And now, with each day of new headlines illustrating both the incompetency of the election officials in charge and the obsolete, broken down voting system, the already low trust the public had in voting has sunk to new lows.


It’s time to vote online and do away with the centuries-old voting system of waiting on line and filling out ballots with crayons and magic markers.

Of course, the kneejerk reaction from the establishment, continually ignoring the decades of their failing voting systems is: Online voting is unsecure and can be hacked.

As we have long forecast, Direct Democracy in the form of online voting is the answer to not only correct the casting and counting of votes, but to make it easier and more direct for We The People to exercise their rights.

Indeed, we identified Blockhain Democracy as one of our Top Trends for 2018. We forecast that voting irregularities will grow more severe, especially when the system is taxed with higher turnout as it was this mid-term.

In making our forecast last December, we stated: “Blockchain technology, will prove a secure, accurate system for online voting.”

Trust in the technology is growing across myriad fields because Blockchain encrypts data, thus preventing the record of transactions from being hacked or altered. The technology is being embraced by the biggest banks and financial institutions, insurance giants, new technology companies, major industries and an increasing number of governments worldwide.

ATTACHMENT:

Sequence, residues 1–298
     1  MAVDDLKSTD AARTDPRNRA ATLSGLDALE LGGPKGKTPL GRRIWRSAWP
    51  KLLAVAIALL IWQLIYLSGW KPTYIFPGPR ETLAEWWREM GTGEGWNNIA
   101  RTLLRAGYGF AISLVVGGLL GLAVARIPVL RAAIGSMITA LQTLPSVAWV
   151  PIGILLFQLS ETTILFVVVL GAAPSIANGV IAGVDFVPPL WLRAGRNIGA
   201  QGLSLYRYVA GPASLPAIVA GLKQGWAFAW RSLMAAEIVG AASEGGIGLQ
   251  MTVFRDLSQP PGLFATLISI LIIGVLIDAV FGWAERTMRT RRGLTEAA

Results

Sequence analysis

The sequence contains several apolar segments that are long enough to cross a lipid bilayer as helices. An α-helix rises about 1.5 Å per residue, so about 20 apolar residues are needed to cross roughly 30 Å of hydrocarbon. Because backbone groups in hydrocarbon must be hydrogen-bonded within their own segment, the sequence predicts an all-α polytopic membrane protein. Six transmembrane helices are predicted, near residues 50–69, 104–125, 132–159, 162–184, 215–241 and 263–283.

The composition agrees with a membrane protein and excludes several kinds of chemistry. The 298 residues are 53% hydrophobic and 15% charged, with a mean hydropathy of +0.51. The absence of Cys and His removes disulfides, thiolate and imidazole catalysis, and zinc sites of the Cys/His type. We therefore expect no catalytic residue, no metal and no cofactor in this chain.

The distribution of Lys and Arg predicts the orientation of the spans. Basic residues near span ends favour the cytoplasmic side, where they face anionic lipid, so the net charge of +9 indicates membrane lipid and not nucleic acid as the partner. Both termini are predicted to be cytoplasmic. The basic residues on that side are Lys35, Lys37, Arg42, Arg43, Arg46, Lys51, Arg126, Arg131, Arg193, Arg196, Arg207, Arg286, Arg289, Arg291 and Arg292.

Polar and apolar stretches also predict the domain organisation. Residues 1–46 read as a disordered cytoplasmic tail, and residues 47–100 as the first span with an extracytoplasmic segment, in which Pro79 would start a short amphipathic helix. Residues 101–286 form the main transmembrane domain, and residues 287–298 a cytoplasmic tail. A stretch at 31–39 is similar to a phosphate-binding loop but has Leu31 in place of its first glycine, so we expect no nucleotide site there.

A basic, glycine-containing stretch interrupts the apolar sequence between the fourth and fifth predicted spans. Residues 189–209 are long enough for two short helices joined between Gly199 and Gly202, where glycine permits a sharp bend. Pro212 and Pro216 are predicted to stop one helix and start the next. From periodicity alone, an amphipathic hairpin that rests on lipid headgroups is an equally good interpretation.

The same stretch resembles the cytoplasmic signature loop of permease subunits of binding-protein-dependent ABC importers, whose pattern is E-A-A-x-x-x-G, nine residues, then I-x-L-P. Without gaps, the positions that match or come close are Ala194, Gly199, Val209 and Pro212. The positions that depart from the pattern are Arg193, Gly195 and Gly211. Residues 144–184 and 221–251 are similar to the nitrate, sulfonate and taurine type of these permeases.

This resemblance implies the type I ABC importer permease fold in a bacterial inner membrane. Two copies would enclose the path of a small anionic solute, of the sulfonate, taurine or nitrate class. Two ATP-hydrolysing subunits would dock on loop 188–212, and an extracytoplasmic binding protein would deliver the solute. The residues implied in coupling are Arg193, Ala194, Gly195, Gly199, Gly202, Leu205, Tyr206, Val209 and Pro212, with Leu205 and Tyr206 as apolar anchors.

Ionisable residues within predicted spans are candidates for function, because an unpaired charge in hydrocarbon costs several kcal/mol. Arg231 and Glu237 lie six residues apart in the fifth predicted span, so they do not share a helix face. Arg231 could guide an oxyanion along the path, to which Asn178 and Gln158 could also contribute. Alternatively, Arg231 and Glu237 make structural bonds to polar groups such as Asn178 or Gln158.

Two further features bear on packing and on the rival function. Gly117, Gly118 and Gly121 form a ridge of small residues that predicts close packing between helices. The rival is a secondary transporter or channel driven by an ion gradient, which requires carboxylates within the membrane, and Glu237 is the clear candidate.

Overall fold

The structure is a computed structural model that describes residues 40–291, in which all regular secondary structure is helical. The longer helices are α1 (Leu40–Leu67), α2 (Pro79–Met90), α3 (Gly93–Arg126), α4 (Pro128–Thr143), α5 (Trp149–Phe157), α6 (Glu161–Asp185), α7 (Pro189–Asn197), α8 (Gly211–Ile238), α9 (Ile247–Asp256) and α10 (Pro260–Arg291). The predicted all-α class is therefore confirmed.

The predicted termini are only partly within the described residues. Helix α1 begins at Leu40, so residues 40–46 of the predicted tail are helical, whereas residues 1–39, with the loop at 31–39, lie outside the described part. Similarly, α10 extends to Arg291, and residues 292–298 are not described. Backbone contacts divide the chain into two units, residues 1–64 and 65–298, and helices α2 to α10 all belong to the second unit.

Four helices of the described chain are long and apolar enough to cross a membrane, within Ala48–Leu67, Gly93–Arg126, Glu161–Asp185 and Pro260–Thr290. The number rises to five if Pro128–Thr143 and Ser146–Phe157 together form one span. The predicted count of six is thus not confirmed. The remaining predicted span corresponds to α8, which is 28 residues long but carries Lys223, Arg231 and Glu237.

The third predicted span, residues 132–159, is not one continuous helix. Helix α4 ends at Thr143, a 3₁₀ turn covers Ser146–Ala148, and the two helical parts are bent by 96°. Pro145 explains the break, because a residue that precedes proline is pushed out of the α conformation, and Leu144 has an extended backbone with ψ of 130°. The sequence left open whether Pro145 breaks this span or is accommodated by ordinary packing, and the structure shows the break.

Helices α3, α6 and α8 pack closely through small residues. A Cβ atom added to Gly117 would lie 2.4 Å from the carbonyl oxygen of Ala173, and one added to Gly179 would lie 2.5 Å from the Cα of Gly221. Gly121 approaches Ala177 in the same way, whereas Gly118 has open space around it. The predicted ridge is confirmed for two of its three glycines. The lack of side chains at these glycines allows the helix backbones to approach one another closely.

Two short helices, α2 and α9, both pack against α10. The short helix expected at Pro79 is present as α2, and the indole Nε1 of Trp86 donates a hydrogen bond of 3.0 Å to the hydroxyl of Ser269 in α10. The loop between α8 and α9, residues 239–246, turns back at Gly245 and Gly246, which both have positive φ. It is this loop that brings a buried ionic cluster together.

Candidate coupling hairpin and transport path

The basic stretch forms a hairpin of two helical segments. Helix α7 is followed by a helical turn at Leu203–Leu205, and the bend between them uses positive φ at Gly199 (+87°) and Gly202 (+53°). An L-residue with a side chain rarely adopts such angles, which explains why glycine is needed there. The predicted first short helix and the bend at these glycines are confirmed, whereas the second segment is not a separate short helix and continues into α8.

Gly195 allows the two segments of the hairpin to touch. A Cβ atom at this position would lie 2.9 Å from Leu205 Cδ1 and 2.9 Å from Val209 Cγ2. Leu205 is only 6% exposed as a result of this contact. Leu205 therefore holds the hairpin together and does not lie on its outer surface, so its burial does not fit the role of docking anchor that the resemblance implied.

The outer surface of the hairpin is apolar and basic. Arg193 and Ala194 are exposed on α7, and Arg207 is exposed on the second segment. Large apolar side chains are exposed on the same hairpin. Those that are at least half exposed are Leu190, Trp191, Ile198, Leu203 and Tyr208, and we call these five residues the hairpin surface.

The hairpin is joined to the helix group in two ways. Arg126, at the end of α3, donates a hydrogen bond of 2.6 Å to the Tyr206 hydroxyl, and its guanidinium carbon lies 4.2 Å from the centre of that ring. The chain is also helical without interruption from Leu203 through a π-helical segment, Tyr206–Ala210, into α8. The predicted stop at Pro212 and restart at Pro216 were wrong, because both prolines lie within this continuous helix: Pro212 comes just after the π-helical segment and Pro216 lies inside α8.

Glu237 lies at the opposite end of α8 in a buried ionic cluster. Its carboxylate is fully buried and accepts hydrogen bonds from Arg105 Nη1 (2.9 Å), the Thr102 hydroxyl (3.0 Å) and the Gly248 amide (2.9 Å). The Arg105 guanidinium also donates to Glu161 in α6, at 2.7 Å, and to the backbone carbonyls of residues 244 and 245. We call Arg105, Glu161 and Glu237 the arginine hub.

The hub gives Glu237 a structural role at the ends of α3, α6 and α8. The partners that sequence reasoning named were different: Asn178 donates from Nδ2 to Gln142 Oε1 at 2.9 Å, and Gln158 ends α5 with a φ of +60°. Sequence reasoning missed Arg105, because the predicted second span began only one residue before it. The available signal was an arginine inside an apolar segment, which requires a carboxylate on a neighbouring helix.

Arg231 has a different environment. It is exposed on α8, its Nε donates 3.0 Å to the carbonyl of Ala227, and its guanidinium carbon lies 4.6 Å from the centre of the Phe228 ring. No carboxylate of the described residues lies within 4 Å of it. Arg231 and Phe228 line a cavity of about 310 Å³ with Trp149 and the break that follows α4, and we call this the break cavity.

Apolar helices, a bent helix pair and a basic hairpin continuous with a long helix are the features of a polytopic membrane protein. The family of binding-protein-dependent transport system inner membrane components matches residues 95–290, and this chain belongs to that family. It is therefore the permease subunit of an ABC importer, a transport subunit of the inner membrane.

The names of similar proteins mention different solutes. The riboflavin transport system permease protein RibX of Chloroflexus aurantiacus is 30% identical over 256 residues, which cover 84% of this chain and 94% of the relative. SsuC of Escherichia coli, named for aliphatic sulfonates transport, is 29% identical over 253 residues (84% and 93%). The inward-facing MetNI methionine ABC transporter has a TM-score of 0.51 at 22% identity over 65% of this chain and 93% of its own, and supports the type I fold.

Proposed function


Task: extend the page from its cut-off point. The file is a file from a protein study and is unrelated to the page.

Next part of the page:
In fact, international banking giants Deutsche Bank, HSBC, Bank of China, Standard Chartered and others have accelerated efforts to launch Blockchain platforms and have begun to test global transactions using the technology.

Therefore, if trillions of dollars can be transferred in milliseconds across the globe, voting systems can be designed to count a few million votes over the course of day.

Even though we can bank online, pay for virtually anything online, get a college education online, put your personal health records online… the longstanding mindset that electronic voting systems are unsafe is another lie promoted by political parties to serve their self-interests.